US 1817171 A
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Description (OCR text may contain errors)
Patented Aug. 4, 1931 UNITED STATES PATENT OFFICE.
BURGESS W. SMITH, OF ROCHESTER, NEW YORK, ASSIGNOR TO THE TODD COMPANY, INC., OF ROCHES'IER, NEW YORK, A CORPORATION OF NEW YORK SAFETY PAPER Application filed February 20, 1924. Serial No. 694,040.
This invention relates to safety paper for :hecks, drafts, bonds, and other commercial oaper instruments, having as its chief object zhe provision of an advantageous paper of ;his character of a comparatively simple na- ;ure economical to produce and applicable to t Wide range of conditions and requirements. l Iore specifically stated, it is an object of the )resent invention'to provide a paper of the tbove character having an inherently warnng character applied thereto in an initially nvisible manner but adapted to be rendered :onspicuous by reaction with eradicating lgGIltS, such as the bleaching fluids in common use for making erasures, to thereby afford, for example, a white or plain paper, or
me having any preferred pattern or other mpression on it.
To these and other ends the invention re ides in certain Improvements and comb1naions of parts all as will be hereinafter more ?ully described, the novel features being Jointed out in the claims at the end of the pecification.
In the drawings:
Fig. 1 shows a check made of safety paper raving the present invention applied thereto nd illustrating the results of an attempted hemical erasure.
Fig. 2 is"v an enlarged fragmentary view of he portion of Fig. 1 illustrating the attemptd erasure.
Fig. 3 is an enlarged sectional view of the a er.
Fig. 4 is a view similar to Fig. 2 but show,- ng a modified form of application, and i Fig. 5 is a sectional view similar to Figure but illustrating the modification of Fig. 4.
Similar reference numerals throughout the everal views indicate the same parts.
The present invention is in the nature of n improvement upon the inventionsfdislosed in my Letters Patent No. 1,454,837
lated May 8, 1923, for' Safety paper and iethod of making same, and in my Letters *atent No. 1,675,769, dated July 3, 1928,for
rotective papers and methods of making ame, which relate to the use of a warning haracter for the paper, camouflaged and hus rendered inconspicuous by an additional suitable impression. The present invention on the other hand affords a safety paper provided with Warning means requiring no camouflaging or additional concealing matter and is therefore adapted for the production of safety paper having a white or plain surface, or one marked with a particular pattern or other impression not adapted to serve as camouflaging. This invention comprises, more specifically, the printing of the warning means in an invisible manner, and with indelible and initially invisible ink, adapted to react with and to be rendered conspicuously visible by eradicating reagents applied to the paper for making an erasure.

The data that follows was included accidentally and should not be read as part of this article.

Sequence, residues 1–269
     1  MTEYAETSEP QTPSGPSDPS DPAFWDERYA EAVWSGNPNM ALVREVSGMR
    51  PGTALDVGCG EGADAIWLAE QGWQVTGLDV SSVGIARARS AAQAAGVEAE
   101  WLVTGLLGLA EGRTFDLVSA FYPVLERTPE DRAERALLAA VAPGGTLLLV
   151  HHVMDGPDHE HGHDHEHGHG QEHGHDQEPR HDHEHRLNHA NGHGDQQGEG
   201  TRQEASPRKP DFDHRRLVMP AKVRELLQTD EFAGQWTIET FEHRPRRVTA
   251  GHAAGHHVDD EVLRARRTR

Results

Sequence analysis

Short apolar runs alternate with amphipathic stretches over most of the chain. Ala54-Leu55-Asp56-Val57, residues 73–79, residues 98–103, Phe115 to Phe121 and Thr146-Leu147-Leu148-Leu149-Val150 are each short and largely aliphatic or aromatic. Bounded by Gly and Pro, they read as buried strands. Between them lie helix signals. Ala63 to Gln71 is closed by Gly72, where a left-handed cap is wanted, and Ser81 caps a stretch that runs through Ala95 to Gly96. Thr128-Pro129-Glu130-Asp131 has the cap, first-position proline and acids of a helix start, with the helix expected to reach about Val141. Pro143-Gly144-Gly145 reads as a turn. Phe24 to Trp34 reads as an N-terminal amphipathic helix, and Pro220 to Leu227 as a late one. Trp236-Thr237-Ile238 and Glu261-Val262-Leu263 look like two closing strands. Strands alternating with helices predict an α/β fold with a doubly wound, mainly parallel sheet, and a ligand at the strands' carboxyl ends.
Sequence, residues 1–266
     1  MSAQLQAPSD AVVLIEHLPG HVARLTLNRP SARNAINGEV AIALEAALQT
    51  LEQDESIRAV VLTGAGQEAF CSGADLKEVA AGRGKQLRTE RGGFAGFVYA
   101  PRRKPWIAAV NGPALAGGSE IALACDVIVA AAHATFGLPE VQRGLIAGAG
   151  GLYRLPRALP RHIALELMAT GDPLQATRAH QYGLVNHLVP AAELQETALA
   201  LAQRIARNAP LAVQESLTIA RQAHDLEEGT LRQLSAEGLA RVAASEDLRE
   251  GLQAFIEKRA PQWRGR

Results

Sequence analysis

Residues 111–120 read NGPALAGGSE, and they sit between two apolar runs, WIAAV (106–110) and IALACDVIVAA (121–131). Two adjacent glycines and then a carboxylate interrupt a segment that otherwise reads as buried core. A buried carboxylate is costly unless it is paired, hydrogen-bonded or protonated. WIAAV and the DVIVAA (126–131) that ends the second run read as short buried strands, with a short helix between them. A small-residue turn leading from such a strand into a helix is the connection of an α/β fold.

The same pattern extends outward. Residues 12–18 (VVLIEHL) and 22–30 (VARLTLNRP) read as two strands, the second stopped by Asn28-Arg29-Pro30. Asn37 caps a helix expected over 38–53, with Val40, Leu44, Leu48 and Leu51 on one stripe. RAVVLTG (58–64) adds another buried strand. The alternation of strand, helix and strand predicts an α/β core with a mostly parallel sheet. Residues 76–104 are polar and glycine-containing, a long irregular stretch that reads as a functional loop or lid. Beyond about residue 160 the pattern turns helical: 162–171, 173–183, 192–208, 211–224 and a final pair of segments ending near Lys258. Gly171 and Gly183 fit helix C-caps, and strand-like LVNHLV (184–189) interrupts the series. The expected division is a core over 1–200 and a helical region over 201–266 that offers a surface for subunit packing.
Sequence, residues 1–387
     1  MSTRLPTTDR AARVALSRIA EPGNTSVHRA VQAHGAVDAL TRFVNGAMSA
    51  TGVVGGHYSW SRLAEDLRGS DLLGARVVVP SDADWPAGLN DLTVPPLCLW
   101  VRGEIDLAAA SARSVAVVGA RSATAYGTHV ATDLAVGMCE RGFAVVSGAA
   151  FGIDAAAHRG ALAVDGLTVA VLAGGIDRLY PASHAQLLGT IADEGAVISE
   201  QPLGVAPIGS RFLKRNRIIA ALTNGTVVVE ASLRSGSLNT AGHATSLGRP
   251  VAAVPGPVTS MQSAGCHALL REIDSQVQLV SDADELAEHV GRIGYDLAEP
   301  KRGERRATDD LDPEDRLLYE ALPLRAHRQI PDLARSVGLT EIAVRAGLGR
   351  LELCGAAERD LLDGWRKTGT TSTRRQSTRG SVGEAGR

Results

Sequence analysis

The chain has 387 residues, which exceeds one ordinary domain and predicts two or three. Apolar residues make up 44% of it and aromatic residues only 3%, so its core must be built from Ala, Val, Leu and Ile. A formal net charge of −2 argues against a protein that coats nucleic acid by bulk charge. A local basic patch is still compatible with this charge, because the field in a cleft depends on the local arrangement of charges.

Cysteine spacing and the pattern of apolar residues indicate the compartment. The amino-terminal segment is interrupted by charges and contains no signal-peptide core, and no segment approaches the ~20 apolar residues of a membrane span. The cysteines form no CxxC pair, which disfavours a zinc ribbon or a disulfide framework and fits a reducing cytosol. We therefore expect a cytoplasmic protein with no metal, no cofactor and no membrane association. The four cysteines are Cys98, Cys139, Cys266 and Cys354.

The warning means may take the form of any suitable character or symbol provided it is of such a nature as to be generally recognized as expressing a warning meaning. While various marks, signs and words are available for this purpose, it is preferred to use the word, Void, because of its generally recognized significance, and this word is preferably-printed in repetition over the entire paper 10, as indicated in the drawings, or at least over such portions of a check or other instruments made therefrom as it is particularly desirable to protect.
Preferably also, the word is printed in relathe effect of the ink on the light reflecting action of the paper. This may be accomplished to a degree b the use of finelines employed, for examp e, for printing merely the outlines of a character or the letters of a word. It is preferred, however, to accomplis'h this result by breaking up the continulty of the lines such as form the letters of the word, into. a multiplicity of substantially isolated'areas, spots or dots. Such areas arepreferably formed as circular dots,-
as shown at 11, Figure 2,. which have been found to lend themselves advantageously to 'the desired result of reducing visibility of having a slightly rough surface, such as it is preferred to use.
The desired results may be obtained by the use of various inks having the desired initial invisibility, combined with the qualities of indelibility and of sensitiveness under the action of ink eradicating chemicals. It is preferred to employ an ink of an initially colorless character such, for example, as one containing manganese ferrocyanide, tolidine hydrochloride, or benzidine sulphate, used as a medium with oil Varnish, or with a water varnish having for its base glycerine and gum arabie. To this may be added a small quantity of oxide of zinc, or zinc white, since these organic substances, in common with other organic compounds, are affected by the action of light corresponding to the lower invisible part of the spectrum which part is almost totally absorbed by the zinc white which thus serves as an effective protective medium against this influence for rendering the ink stable. These substances react cffectively with ink eradicating chemicals generally such, for example, as bleaching reagents, and develop conspicuous colors of an indelible character so that characters printed therewith are thus rendered conspicuously visible.